How Saskatoon’s mayoral candidates say they’ll improve safety in the city

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How Saskatoon’s mayoral candidates say they’ll improve safety
WATCH: From moving the Lighthouse, to tackling drug problems and bringing in more police, Saskatoon's mayoral candidates have different solutions for safety. – Oct 9, 2020

With Saskatoon marking its 12th homicide of the year last weekend, and a record number of homicides last year, safety in the city is a concern for many.

From moving The Lighthouse, to tackling drug problems and bringing in more police, mayoral candidates have different solutions for safety.

Don Atchison said he wants to see more police hired, and more patrols in higher crime areas.

He adds The Lighthouse is an issue and has been tasked with too much to help the city’s vulnerable. He wants to see it moved out of the downtown, and he said there would be transportation to bring people to the new location.

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“I’ve been talking to the people in The Lighthouse about it … I think we’ve been able to come to an agreement on a certain location or locations that it could be,” he said.

Charlie Clark is seeking reelection. He says strengthening Saskatoon’s police, tackling mental health and addictions issues and addressing homelessness will make the city safer.

He wants to continue a new city pilot project started last month led by the Saskatoon Tribal Council called Sawêyihtotân, which works with people on the streets to help them find housing.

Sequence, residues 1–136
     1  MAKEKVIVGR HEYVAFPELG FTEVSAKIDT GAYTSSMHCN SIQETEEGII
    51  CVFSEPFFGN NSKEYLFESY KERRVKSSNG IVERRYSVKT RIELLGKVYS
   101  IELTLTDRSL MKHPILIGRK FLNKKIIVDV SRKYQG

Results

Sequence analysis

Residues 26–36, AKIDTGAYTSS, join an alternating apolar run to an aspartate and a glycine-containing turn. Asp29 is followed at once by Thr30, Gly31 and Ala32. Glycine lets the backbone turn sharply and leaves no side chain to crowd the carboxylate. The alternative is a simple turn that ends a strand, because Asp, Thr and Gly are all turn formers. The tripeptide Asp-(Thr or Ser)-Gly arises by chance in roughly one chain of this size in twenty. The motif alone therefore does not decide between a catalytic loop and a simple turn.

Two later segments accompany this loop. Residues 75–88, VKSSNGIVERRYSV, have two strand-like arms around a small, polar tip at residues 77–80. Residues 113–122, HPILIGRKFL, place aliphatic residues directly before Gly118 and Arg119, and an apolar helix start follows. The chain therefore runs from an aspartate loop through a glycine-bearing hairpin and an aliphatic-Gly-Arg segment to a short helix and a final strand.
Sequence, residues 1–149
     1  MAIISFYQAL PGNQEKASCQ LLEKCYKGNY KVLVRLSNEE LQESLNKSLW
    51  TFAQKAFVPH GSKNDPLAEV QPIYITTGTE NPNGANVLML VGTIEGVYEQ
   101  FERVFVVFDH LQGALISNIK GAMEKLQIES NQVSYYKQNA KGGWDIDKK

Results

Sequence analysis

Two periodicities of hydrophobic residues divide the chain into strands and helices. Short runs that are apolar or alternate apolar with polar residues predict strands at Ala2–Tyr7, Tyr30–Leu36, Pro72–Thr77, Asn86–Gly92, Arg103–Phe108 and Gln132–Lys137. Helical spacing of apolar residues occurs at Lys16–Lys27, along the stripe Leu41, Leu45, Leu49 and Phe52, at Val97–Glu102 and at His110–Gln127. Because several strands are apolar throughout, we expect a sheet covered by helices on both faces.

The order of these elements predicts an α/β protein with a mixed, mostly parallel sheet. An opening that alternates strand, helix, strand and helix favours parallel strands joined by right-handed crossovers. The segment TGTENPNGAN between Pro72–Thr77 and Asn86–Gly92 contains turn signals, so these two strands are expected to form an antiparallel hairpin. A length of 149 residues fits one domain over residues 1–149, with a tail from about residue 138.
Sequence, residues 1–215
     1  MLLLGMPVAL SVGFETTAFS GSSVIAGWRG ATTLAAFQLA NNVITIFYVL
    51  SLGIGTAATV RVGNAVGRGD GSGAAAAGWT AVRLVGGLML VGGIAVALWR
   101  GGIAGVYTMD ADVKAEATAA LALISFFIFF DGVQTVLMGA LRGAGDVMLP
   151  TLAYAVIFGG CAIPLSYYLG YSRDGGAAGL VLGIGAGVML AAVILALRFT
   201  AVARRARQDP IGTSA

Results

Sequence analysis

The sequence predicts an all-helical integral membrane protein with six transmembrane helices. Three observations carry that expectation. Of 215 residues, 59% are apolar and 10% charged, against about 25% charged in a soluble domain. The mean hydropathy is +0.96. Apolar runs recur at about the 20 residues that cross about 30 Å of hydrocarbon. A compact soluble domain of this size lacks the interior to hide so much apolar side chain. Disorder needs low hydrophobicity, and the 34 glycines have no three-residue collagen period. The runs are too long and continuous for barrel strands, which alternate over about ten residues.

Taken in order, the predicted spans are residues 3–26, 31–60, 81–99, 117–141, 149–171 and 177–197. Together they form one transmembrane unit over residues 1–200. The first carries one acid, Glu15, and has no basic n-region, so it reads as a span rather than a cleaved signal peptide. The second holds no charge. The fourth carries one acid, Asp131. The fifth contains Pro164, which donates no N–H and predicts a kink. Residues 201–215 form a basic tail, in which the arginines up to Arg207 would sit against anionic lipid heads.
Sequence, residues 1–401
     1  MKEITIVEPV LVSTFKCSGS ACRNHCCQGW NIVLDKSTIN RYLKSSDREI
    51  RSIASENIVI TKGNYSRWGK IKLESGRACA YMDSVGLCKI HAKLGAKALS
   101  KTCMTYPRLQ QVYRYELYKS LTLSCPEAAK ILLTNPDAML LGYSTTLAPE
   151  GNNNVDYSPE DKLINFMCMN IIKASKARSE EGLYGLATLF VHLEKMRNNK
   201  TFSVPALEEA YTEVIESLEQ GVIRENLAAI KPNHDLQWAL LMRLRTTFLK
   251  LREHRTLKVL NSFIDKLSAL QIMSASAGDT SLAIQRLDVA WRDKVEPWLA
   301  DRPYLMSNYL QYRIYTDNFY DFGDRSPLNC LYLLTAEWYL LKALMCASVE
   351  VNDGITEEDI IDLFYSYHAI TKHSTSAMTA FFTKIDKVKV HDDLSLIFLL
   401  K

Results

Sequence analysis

He wants to continue work on phase 2 of the project, which would bring together the Saskatoon Tribal Council, the city, police, fire, business leaders, and the ministries of social services and health.

“We haven’t been able to get that collaborative approach with the right ministries to be able to jointly recognize what’s not working,” he said.

“The mayor plays a key role in convening those partners together and getting a commitment to fix what’s not working.”

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Candidate Rob Norris said he wants experts brought in to evaluate The Lighthouse to see where the issues are, and what the best way to fix those problems are, which he said could mean moving some services to another location.

He wants to work with Indigenous groups to understand the challenges they face with police in the city. He said he also wants more done to done to tackle drugs in the city.

Canada’s only synchrotron is at the Canadian Light Source in Saskatoon, and he said those machines are used in drug investigations in the United States.

“There can be a really significant research initiative. Where are the drugs coming from? How do we help not simply understand it but stop these drugs, and that’s where we need to really support our police,” he said.

Candidate Mark Zielke said he has a plan to move lighthouse operations to five different locations and review the police budget.

“I believe that we should be looking at all our budget lines so that we can put resources where they’re needed,” he said.

Meanwhile, candidate Zubair Sheikh said he stands firm on not touching the police budget.

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“We have to deal with the high intensity of the crime in Saskatoon, so of course we need more policing and we need more training for the police,” he said, giving the example of racial bias training.

Candidate Cary Tarasoff said he wants to make it easier for the city to demolish boarded up properties, which would help reduce social problems.

“If the City put more effort into this area, disenfranchised people would feel pride,” he wrote in a press release Friday afternoon.

“Many view these neighborhoods as a dumping ground for anything and everything that the City wants to ignore.”

Saskatoon’s civic election is Nov. 9.

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